A much more serious disease process has been reported, thankfully much more rarely- Lyme Nephropathy. This disease is not completely understood, but it has been found to have an immune basis. The body’s own immune system is needed for the destruction of the kidneys. What happens is the immune system develops antibodies to the organism and these antibodies attach to the organism or pieces of the organism. The antibodies can form immune ‘complexes’ that can attach to regular tissues in the body - one place being the kidneys. This leads to activation of the rest of the immune system, where the body thinks it is clearing an infection and instead damages its own tissues. This process can be likened to laser-guided missile attacks, where the immune complexes are the lasers and the missiles are the immune system components. But in this case, it would be considered ‘friendly fire.’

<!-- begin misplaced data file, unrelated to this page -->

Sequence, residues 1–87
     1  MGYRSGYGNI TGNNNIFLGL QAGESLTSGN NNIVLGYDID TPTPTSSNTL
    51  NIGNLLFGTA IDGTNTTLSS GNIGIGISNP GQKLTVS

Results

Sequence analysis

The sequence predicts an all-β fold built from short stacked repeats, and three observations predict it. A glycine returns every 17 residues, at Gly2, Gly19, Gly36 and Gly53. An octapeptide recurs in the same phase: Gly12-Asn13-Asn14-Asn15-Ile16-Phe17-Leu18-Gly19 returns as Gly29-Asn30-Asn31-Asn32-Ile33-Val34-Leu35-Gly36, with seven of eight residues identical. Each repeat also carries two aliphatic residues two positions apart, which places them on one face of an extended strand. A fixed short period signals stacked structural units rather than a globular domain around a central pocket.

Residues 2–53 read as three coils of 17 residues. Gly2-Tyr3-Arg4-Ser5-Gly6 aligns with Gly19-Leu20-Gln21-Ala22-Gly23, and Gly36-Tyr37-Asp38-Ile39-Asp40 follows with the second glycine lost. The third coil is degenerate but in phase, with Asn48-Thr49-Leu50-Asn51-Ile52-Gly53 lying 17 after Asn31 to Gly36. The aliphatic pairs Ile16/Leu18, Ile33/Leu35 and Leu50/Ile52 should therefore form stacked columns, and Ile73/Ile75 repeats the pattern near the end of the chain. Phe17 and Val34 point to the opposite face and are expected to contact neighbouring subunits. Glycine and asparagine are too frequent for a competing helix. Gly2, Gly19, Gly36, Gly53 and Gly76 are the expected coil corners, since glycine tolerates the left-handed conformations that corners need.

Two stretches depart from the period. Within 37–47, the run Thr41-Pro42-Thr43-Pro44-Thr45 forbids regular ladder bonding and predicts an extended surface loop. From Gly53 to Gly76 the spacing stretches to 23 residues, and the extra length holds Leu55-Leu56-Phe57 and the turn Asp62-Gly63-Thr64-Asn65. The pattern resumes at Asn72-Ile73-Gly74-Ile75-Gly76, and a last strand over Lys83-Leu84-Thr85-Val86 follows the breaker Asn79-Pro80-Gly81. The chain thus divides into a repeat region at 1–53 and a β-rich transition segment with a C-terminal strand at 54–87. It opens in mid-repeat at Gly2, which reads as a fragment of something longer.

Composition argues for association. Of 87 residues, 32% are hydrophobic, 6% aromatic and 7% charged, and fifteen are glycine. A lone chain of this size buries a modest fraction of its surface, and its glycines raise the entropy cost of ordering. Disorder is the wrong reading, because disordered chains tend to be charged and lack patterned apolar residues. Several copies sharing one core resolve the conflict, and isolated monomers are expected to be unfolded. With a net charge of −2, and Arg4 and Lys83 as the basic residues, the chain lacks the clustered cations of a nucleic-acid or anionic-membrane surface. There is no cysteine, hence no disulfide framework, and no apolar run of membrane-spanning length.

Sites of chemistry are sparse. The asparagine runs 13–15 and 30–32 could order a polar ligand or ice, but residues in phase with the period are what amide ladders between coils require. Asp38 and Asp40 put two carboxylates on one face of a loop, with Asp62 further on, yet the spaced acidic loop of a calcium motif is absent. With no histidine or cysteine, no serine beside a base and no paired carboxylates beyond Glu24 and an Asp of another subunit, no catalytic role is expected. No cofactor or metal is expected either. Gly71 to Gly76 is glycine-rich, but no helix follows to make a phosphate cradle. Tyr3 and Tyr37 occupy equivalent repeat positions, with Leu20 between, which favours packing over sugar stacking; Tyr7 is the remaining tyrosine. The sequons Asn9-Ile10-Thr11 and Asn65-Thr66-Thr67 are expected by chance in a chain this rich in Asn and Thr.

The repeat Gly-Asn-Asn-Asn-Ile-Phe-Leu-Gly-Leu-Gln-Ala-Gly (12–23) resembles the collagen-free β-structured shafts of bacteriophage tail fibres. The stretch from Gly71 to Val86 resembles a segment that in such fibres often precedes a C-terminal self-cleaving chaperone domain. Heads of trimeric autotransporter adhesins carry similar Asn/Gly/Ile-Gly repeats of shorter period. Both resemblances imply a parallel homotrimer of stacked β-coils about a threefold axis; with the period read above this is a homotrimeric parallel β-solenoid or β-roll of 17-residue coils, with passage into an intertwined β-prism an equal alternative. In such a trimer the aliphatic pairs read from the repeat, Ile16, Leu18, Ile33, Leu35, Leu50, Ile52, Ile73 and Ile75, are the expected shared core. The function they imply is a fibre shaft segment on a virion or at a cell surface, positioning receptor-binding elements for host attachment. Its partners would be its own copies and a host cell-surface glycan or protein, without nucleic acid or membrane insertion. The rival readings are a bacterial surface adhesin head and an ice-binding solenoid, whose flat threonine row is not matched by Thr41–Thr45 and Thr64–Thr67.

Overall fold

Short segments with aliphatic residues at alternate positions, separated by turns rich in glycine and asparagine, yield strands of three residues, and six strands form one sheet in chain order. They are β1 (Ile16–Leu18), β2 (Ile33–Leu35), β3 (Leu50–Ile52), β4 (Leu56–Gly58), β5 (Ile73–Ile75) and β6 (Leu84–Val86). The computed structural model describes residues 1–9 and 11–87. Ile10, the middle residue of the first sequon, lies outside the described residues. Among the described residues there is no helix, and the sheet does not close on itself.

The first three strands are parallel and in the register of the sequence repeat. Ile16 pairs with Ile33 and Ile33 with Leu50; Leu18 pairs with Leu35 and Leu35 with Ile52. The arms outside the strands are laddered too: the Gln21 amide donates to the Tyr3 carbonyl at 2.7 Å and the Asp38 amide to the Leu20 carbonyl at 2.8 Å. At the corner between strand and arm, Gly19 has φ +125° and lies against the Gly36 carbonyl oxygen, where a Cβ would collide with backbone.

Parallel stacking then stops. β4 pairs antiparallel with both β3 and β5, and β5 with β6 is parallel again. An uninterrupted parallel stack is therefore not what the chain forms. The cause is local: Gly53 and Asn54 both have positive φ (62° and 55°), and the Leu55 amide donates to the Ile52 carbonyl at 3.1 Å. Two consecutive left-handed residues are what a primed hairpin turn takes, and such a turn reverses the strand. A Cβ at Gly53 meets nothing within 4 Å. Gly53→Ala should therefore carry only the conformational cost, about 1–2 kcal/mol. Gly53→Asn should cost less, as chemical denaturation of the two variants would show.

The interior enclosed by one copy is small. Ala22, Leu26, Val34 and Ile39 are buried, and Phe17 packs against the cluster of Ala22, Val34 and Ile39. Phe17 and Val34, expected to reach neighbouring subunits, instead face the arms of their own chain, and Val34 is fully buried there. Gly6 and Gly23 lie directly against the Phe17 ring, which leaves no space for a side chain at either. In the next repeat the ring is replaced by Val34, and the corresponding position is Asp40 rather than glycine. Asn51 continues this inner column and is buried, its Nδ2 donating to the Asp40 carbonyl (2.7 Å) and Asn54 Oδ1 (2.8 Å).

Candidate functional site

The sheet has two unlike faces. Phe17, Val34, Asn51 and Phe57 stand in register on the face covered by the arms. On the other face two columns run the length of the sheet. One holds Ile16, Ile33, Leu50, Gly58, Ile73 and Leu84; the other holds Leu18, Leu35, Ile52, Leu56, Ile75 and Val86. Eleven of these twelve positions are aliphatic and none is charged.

Dogs with Lyme Nephropathy show signs of anorexia, lethargy, fever and some will even vomit. Kidney levels are often elevated, or elevate later in the course of the disease. The classic hallmark sign of this disease is loss of blood proteins in the urine- called proteinuria. Many will lose enough proteins that their blood work will show low albumin (the major blood protein), leading to leakage of blood fluids from the vessels into the tissues- causing the patient to develop swellings of the tissues called edema.

Most dogs with Lyme Nephropathy have a very poor prognosis, with most succumbing to the disease rather quickly after clinical signs develop despite therapy.